At his previous academic position in Texas, Shaan taught at a college with predominantly white, privileged students. He was thrilled to receive an opportunity to work in an institution where his students “look” like him (Muslim, non-white, low-income, at-risk, etc.). He understands the potential for the higher education system to leave students of color in a demotivated and hopeless state, and he joined ARE so that he could prevent this future outcome. He creates an environment where students feel comfortable being their true, authentic, self and get lost in the process of learning that they forget they are in a classroom.
Dr. Kayleen U. Oka has her Ph.D. in Sociology and Equity Studies in Education from the University of Toronto and has been a full time tenured faculty member of Sociology at Seattle Central since 2007. She has taught in middle schools and high school in Japan and at colleges and universities in Canada.
As a first generation college student whose parents were interned during the war and never participated in higher education, Dr. Oka feels strongly about the transformative potential of education and the importance of BIPoC teachers as role models for future generations. She helped to implement the Equity and Social Justice emphasis for SCC's AA degree. She also volunteers at Monroe Correctional Complex and is Co-chair of the Board of Directors of University Beyond Bars, a prison education program that partners with the college.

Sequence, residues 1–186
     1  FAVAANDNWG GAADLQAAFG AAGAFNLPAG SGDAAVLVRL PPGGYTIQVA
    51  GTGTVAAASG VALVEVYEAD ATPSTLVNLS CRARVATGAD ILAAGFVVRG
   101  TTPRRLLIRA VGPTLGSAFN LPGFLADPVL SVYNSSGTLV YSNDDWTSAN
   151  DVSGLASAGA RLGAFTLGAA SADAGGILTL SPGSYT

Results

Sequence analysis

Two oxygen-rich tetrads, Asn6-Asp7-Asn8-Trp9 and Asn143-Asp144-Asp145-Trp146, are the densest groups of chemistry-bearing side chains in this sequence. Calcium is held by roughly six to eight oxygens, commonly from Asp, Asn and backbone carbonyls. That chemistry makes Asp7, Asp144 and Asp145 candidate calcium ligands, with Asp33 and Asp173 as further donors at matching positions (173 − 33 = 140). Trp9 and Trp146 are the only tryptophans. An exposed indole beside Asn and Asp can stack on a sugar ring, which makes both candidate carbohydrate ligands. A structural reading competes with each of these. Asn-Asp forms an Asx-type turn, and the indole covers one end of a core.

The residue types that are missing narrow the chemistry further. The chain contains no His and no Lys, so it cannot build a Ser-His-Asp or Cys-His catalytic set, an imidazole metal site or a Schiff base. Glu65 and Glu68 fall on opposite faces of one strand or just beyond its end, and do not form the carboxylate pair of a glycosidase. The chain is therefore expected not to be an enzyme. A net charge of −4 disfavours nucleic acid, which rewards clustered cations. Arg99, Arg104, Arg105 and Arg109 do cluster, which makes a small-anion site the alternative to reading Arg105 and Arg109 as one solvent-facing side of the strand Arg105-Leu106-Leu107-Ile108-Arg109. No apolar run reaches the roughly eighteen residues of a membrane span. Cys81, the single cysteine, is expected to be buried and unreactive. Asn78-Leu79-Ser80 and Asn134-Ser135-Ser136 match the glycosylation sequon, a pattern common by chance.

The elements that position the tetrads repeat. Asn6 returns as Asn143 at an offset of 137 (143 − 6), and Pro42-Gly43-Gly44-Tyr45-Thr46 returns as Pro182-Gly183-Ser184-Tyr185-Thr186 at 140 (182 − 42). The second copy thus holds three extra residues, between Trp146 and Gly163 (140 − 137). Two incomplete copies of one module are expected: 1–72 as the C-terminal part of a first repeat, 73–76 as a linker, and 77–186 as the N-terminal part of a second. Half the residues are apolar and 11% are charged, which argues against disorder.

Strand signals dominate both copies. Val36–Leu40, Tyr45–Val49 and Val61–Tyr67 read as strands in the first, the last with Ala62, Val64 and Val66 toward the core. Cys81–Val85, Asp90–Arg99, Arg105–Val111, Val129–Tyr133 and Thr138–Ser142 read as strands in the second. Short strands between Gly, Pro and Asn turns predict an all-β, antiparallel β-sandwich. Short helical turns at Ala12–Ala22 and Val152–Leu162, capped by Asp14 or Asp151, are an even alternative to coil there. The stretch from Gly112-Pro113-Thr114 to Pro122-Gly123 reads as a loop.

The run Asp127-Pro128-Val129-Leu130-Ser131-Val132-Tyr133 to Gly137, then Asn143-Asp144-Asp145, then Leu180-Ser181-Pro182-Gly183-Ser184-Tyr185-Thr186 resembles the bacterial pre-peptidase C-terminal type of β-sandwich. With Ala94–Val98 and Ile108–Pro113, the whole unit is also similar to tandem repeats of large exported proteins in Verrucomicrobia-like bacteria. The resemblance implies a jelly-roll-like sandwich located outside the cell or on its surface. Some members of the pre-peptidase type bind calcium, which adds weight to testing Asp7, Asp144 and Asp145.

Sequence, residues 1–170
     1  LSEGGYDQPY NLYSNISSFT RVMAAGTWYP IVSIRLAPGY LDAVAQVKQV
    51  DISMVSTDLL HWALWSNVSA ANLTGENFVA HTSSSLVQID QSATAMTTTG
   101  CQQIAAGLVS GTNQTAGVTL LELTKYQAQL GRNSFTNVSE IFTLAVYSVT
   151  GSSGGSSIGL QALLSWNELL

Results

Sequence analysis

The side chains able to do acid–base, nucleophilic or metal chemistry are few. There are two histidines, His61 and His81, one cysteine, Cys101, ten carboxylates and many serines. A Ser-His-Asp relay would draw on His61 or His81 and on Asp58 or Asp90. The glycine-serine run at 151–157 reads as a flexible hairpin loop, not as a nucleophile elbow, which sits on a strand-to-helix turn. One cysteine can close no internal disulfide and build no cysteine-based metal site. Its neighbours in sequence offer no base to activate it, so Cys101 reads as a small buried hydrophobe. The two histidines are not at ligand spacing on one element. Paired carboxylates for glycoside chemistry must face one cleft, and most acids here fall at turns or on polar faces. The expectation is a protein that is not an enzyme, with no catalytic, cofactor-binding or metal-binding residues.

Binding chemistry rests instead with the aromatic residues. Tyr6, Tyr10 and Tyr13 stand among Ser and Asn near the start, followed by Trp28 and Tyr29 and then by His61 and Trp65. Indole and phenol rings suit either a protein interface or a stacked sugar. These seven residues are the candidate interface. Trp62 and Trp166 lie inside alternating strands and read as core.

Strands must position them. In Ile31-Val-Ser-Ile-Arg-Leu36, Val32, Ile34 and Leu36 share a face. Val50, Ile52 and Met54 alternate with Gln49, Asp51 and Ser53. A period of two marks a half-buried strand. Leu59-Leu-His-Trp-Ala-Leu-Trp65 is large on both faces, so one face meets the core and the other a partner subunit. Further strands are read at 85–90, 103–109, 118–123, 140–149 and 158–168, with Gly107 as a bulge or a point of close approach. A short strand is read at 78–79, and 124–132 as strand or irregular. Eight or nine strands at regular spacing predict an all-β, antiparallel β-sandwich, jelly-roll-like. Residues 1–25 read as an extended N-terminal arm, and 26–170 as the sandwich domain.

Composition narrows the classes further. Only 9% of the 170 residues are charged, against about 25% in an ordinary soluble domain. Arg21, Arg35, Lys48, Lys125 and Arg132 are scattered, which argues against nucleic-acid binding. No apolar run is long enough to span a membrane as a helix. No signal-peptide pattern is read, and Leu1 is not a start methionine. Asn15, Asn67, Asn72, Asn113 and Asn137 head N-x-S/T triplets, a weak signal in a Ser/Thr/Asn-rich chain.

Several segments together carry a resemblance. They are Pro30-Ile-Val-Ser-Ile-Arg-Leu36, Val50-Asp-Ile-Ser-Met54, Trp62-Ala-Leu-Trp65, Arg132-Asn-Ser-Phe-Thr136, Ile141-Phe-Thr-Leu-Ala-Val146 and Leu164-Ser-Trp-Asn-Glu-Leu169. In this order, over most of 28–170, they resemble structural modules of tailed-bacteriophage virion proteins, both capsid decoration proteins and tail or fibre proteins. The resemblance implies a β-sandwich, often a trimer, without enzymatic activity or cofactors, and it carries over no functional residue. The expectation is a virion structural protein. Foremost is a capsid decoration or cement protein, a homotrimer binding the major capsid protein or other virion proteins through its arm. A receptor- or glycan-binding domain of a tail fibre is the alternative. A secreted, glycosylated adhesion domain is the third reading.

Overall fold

Dr. Oka is honored and excited to teach in the ARE program. As Horton and Freire state, "We make the road by walking" and educators who can inspire AND pursue social justice will be at the forefront of changing systems of education in more just and equitable ways.
Desiree Simons is currently a full-time faculty member of the English Department at Seattle Central College in the Arts, Humanities and Social Sciences division. Along with a group of dedicated collaborators across SCC, Desiree is the designer of Central’s equity-centered Directed Self-Placement (DSP) tool which, to date, has given agency to over 2,000 students to choose their first English course at Central regardless of test scores.
Though ongoing collaborative work with Seattle Pathways, Seattle Promise and the Academy for Rising Educators (ARE) all influence Desiree’s culturally responsive approach to teaching, it is the latter, ARE, that fills Desiree with the most pride. She has been with the program since its inception and is the Instructor-of-record for both English Composition I and English Composition II. Collaborating with the cohorts for ARE each Fall and Spring quarter continues to leave indelible imprints on her Teaching and Learning practice and fuels her thinking around learning in community-driven environments that use content which reflects the history and experiences of Black and Brown folks, and values our ways of knowing the world.